RF: There is shame in being somehow selfish or disrespectful in some way.

CD: Paulwelsh - I’m not sure where all this misunderstanding is coming from…

RF: Really.

CD: I felt my original post was very clear.

RF: It was.

CD: The "photographer" in this case is listening intently for 2 hours and for 1 minute of those 2 hours is taking a picture from 20 rows back with no flash, no sound, no problem.

RF: No problem from Mr. Devlin then: only one prick in the balloon.

CD: Nykfury - All you’ve done is illustrated my point that this is all very one-sided. The performer gets to dictate the rules of the show and if any audience member has any other ideas.. well, they’re disrespectful, unattentive, selfish..

RF: Mr. Devlin is a suffering, innocent audient, being told what to do by a dictatorial artist / venue.

CD: the list goes on.

RF: In the Basement, this is what it is: the list has no end.

CD: I just don’t see how that is the case with one little picture or one short video.

RF: This is the problem & Mr. Devlin has nailed it: I just don’t see. This is how it is, for all of us. The onus of seeing, or not, rests with us. This is our responsibility, if we feel it sufficiently keenly. Or desperately.

CD: I even said in my first post that just filming for 30 seconds made me feel like I wasn’t enjoying the concert as much as I could be but that was a sacrifice I was prepared to make because it’s my enjoyment to sacrifice.

RF: What a hero, what a sacrifice.

Mr. Devlin, more clearly than many posts for a while, has presented (words beginning with “A” this time) an accurate, authoritative, authentic picture of life in the Basement. 

He has rights. He makes sacrifices. He is prevented – improperly – from exercising his rights to do what he wants, regardless of the effect on others – there are no effects anyway! And even if there were, it’s a good thing for the artist – even if they don't know it! And why would they think their show was being spoilt? Because it’s not being spoilt! How could it be? You'd have to be psychic to know! And even if it were spoilt, he’ll send his pictures to their website! They should be grateful he took them in the first place! He is advancing their legacy! They would have no careers without him! Without stolen photos, websites would have no photos! Without people bootlegging whole concerts illegally, there would be no download sites! At least, only boring ones!

CD: The other argument is that musicians need people to like them enough to take pictures against the rules in order to have their careers. Without people doing that, there would be no pictures for DGMLive ... indeed, without people recording the whole concert illegally, there would be no DGMLive full stop, at least a severely less interesting one.

RF: Haven’t we just been through this?

Even in a posting of this dopiness, Mr. Devlin manages to descend to new heights, and is awarded a further Clueless & Slightly Slack award. This is a new record: three C&SS awards in two posts.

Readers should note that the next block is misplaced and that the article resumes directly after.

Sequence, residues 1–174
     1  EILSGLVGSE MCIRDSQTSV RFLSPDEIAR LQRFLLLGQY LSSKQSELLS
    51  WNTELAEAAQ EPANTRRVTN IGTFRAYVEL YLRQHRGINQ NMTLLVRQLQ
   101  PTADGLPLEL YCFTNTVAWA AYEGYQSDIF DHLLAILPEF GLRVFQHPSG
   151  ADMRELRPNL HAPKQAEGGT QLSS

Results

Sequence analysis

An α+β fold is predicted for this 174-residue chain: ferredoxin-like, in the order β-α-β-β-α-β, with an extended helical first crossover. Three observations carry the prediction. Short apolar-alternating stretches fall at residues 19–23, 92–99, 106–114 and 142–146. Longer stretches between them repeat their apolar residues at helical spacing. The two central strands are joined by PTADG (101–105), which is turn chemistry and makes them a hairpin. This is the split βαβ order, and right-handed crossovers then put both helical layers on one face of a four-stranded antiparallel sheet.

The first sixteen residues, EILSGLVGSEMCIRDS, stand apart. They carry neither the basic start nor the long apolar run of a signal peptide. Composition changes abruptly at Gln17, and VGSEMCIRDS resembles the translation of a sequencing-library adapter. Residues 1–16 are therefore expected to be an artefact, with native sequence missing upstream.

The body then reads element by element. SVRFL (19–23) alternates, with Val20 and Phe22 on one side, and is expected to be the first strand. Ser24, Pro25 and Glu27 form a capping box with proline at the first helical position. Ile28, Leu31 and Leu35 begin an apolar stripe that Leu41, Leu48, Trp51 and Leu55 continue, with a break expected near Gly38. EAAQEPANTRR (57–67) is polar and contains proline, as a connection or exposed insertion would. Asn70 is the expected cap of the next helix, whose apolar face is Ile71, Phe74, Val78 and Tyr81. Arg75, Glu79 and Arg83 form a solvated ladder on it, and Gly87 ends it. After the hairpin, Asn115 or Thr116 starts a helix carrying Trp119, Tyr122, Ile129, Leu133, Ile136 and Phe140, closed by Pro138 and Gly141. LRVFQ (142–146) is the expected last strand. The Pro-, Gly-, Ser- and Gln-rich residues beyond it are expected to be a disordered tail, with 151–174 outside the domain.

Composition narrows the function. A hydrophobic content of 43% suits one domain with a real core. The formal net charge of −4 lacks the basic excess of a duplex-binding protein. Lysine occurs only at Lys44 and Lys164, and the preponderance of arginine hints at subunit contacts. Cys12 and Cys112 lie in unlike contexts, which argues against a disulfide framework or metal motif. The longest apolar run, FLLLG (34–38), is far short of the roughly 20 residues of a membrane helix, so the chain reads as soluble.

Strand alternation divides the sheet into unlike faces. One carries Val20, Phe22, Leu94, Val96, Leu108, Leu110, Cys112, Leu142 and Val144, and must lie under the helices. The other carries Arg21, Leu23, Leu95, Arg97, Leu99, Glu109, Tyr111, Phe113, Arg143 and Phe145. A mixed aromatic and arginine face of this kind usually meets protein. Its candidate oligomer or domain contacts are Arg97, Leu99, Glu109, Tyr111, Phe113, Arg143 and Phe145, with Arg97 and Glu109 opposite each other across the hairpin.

As recently discussed on the Guestbook, a prime aim of DGM Live is to turn around decades of violation and spoilt opportunities, honouring the injunction:

turn a seeming disadvantage to your advantage;
the greater the seeming disadvantage, the greater the possible advantage.

Firstly, Mr. Devlin need not concern himself to provide us with disadvantages to positively address and turn around: we are already dealing with our quota.

Secondly, acting badly is not the best approach to find ways of acting rightly. Better to begin with the intention of Right Action. Then, we generate / inherit a better quality of disadvantage that, inevitably, follows as an effect / repercussion and reward.

CD: I now have 30 seconds high quality video of the David Sylvian tour of 2007. If he doesn’t release a DVD - which he won’t, for reasons best known to himself - then in 20 or 30 years time that is an artifact that was worth taking.

RF: Mr. Devlin knows better! Mr. Devlin has preserved the legacy of David Sylvian for posterity and encourages us to applaud him for it.

CD: You can’t just ignore the fact that everyone in the room is an individual life that will go on for many decades or maybe just a few days after the event and that there are much bigger fish to fry.

RF: Apologies: this one escapes me. Can we give this one more try, please?

CD: You can’t just ignore the fact that everyone in the room is an individual life that will go on for many decades or maybe just a few days after the event and that there are much bigger fish to fry.

RF: Sorry. Missed it again.

CD: Incidentally, the only time I’ve ever taken pictures of Fripp during a concert was ProjeKct Two at the Jazz Cafe, 1998. What a disrespectful bastard I am!

RF: Perhaps Mr. Devlin was paying us one of his compliments.

One flash killed a P1 performance for me. And Mr. Devlin may have noticed, or not, that following two visits to the Jazz Café (P1 & P2) I have not returned since. This is very much a performance venue for improv, small and intimate, in many ways an ideal venue. So, why have I have not returned in a decade? Clearly, it can’t have anything to do with Mr. Devlin and his close relatives: their actions have no effect.

CD: Although I’ll be happy to share them with you when that concert is made available on this fine site, despite the slings and arrows of being branded a bad audient.

Firstly, for a bona fide audient, listening is sufficient; for a bona fide audient, it is also necessary: for a bona fide audient, it is also their right and obligation.

Secondly, much better that Mr. Devlin had never concerned himself with photography, rather than now use DGM energy in turning-around and neutralizing the effects of his actions – even though there were none anyway! Much better even than this, if Mr. Devlin seeks to support the legacy and posterity of artists, that he acts consensually and supportively from the beginning. I encourage him to preserve the legacy of others more grateful than myself.

19.03 Off to play with my Wife. Yippee!